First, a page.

Under the Violence Against Women Act (VAWA), victims of domestic violence and cruelty have an alternative to waiting for their abusive spouse or parent to submit the paperwork for a green card on their behalf. They can submit a “self-petition,” using Form I-360, issued by U.S. Citizenship and Immigration Services (USCIS).
In 1994, Congress passed the Violence Against Women Act (VAWA), creating special routes to immigration status for certain battered noncitizens. Among the basic requirements for eligibility, a battered noncitizen must be the spouse or child of an abusive U.S. citizen or permanent resident. Through a self-petitioning process, the battered spouse/child may apply for immigration status without the knowledge or involvement of the abuser. Derivative status is available to certain children and parents of the principal immigrant.
California Democratic Sen. Dianne Feinstein will head to the floor today with other Democratic women Senators to push for renewal of the Clinton-era Violence Against Women Act. It is part of a coordinated Democratic push for the women’s vote, which Democrats see as in play following the Rush Limbaugh fiasco, the GOP primary’s focus on contraception and claims, disputed by the Mitt Romney campaign, that the Republican frontrunner said he would eliminate funding for Planned Parenthood.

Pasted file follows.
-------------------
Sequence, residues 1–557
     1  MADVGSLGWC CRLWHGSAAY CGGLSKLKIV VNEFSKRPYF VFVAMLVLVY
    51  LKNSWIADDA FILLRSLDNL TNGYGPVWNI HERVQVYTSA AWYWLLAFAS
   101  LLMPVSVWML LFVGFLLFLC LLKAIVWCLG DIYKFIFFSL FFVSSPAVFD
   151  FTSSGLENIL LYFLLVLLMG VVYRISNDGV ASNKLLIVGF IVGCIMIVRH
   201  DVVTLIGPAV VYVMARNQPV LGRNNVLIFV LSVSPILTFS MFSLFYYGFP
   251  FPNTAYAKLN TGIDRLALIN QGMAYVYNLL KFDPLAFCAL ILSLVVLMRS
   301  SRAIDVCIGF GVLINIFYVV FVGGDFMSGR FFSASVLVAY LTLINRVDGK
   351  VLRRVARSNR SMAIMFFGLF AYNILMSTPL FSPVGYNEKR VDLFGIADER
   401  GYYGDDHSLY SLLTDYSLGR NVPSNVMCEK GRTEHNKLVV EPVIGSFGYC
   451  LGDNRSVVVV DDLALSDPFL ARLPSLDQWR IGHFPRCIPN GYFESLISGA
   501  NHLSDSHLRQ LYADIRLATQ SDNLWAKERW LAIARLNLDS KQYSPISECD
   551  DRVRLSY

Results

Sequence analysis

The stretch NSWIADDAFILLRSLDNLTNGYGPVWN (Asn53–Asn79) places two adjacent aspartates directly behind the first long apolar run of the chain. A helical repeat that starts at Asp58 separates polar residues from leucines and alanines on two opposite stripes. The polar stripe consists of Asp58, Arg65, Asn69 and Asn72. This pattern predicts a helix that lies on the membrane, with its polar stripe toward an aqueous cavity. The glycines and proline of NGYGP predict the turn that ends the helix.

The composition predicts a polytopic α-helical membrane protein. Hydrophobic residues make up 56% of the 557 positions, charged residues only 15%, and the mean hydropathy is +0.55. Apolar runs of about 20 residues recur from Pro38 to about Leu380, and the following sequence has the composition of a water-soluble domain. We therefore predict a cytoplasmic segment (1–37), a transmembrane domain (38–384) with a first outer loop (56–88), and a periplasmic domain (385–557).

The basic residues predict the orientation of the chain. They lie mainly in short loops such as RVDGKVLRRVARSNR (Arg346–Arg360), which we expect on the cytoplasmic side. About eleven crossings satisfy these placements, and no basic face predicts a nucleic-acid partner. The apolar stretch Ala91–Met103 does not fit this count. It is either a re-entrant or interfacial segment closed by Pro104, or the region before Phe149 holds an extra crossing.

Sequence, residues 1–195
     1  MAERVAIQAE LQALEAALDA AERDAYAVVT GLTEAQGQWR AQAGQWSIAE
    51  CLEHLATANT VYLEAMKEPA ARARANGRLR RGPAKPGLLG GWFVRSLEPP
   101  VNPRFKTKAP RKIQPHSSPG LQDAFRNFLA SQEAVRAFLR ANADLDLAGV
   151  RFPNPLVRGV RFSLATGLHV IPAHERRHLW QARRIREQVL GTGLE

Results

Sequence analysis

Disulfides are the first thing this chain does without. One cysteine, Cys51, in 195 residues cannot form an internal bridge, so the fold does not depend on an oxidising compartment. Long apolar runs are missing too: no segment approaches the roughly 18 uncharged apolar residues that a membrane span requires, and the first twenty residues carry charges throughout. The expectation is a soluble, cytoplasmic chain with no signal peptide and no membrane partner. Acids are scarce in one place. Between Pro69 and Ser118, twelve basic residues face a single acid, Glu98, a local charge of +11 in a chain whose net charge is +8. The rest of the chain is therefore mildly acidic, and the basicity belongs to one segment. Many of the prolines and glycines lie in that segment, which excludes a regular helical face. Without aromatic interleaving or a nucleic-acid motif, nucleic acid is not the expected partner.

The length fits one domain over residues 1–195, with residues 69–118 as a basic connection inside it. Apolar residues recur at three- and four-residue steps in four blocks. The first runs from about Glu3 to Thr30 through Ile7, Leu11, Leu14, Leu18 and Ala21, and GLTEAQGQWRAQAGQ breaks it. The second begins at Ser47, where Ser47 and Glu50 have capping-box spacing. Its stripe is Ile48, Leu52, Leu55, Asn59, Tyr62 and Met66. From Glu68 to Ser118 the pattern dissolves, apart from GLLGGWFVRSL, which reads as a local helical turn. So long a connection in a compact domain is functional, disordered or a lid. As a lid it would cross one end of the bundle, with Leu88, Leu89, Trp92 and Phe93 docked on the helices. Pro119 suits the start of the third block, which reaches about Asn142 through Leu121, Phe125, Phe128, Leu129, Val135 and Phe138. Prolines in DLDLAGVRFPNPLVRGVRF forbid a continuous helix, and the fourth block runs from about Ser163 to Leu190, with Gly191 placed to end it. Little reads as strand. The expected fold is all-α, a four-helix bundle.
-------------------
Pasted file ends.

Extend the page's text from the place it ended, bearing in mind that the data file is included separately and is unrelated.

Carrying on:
She said as mayor in the early 80s she opened the first home for battered women in the city. At the time, she said, “Women were being battered and had no place to go, and often stayed in home where they were battered again and again.”
She said the 1994 law has reduced “non-fatal partner violence” by 53 percent over a decade and a half with no partisan disagreement, and that she was “stunned” when the Judiciary Committee, on which she sits, passed the reauthorization on a party line vote.
Citing the Centers for Disease Control, Feinstein said on average, 24 people a minute are subjected to “rape, physical violence, or stalking by an intimate partner in the United States.” That’s 12 million women and men a year. In California, she said 30,000 people have used crisis prevention centers funded by the bill in 2010 and 2011. In 2009, she said California had more than than 167,000 cases in the state in which police were called to a domestic violence scene.
She defended the bill’s expansion to cover gays and lesbians, illegal immigrants and Indian tribes, while saying it also consolidates programs and reduces costs by 17 percent, or $136 million.
Way to go Senator Dianne Feinstein, you have our support.